A US appeals court announced it will reopen a lawsuit launched by the Federal Trade Commission (FTC) against AT&T Mobility for allegedly throttling data speeds of its unlimited customers.
The ninth US Circuit Court of Appeals confirmed it will reconsider the case in front of an 11-judge panel, despite ruling against the FTC in August 2016.
In a case originally brought in 2014, the FTC claimed AT&T restricted the data speeds of millions of customers on unlimited data plans after they consumed as little as 2GB of data in a billing period.
The government agency alleged the operator had not sufficiently warned users it would throttle speeds as a result.
However, the court dismissed the FTC’s case, stating AT&T was a “common carrier”, which meant it no longer was subject to FTC jurisdiction, following a ruling by US regulator Federal Communications Commission (FCC) in 2015.
The reopening of the case and renewed possibility of a favourable ruling for the FTC could have significant implications in the long term, particularly when it comes to the future oversight of internet service providers amid an ongoing net neutrality debate in the US.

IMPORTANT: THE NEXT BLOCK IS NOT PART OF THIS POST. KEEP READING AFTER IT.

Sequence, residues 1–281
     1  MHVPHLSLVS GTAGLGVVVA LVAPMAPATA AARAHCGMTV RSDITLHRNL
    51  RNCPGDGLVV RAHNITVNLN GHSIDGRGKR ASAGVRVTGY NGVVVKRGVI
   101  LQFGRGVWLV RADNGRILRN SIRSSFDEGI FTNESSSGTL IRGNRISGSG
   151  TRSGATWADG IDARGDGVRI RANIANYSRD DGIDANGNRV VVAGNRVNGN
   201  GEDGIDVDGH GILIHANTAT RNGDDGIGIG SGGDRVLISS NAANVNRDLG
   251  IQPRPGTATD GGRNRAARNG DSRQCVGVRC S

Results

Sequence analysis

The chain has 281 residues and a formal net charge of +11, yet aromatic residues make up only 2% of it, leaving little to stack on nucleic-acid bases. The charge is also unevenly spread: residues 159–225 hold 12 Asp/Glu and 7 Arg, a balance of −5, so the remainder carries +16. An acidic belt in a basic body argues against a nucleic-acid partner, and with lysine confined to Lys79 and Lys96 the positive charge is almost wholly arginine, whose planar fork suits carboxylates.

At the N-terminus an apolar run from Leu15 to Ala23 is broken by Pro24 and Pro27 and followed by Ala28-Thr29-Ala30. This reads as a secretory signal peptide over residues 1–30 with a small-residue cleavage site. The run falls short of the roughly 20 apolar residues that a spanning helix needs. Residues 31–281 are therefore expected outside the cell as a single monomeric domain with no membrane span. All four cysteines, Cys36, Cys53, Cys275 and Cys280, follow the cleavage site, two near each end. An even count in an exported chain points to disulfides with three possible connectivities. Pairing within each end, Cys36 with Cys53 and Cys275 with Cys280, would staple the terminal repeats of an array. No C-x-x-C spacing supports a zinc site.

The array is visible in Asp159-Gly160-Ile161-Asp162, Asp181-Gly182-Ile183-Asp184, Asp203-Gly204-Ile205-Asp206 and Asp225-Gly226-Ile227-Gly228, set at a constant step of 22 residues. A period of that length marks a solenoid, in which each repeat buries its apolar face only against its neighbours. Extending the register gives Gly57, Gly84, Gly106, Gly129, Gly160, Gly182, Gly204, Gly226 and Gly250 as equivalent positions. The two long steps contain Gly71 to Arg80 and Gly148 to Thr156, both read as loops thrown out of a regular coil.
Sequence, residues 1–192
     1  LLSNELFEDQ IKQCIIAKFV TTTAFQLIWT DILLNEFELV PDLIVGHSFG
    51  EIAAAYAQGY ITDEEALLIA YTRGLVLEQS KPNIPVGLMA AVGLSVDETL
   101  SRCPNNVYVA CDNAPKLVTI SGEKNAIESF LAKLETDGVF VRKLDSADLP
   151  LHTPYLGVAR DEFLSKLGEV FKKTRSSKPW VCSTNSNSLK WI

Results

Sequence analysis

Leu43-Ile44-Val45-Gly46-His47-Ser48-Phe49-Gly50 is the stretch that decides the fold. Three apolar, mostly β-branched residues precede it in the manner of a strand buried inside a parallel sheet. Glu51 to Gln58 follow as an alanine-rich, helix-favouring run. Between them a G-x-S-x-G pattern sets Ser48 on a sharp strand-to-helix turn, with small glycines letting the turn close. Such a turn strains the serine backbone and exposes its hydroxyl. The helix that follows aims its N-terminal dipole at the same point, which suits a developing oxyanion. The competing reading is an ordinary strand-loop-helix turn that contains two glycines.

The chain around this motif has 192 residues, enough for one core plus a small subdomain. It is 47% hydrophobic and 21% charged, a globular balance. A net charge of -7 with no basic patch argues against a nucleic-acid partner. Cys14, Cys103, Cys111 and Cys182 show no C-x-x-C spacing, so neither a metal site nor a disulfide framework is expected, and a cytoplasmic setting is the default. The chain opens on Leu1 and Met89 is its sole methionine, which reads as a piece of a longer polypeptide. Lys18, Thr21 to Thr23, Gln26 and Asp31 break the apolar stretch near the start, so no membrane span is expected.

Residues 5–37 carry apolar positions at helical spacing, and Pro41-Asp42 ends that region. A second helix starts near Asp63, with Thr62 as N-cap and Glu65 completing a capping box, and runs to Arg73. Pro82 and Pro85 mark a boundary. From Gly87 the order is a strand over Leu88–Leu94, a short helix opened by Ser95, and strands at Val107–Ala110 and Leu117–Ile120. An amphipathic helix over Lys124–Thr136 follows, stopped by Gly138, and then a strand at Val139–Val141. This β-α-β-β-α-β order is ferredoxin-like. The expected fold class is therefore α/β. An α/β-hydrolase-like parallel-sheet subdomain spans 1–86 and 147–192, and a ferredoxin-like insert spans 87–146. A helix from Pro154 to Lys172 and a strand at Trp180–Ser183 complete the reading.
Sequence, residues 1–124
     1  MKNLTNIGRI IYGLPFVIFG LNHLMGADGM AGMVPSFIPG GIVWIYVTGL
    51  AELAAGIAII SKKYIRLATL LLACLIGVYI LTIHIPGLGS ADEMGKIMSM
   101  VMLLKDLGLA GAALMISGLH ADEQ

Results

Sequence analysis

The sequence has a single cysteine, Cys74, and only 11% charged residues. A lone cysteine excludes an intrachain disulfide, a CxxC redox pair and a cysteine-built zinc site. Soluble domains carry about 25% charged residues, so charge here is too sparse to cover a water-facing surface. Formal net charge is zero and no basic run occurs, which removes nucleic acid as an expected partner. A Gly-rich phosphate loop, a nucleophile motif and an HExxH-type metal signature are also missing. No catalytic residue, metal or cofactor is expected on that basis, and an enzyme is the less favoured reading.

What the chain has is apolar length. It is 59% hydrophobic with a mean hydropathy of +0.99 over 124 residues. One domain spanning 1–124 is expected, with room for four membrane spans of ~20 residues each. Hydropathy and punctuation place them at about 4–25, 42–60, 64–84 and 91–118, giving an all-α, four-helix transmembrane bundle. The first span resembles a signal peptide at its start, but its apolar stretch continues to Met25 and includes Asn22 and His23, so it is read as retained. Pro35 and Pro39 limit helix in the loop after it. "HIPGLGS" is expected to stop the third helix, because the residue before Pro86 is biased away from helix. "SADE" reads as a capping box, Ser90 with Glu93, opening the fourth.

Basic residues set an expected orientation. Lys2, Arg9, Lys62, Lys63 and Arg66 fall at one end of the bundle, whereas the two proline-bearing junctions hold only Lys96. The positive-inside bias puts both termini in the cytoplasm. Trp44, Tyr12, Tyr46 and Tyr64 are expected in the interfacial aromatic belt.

Indeed, FCC chairman Ajit Pai recently raised the possibility of handing power back to the FTC when it comes to regulating ISPs, as part of his plans to roll back the country’s net neutrality rules.
In a statement, Pai welcomed the decision by the US appeals court to rehear the AT&T throttling case, stating it was a “win for consumers”.
“The court’s action also strengthens the case for the FCC to reverse its 2015 Title Order and restore the FTC’s jurisdiction over broadband providers’ policy and data security practices,” he said, adding: “Indeed, it moves us one step closer to having the consistent and comprehensive framework for digital privacy that the American people deserve.”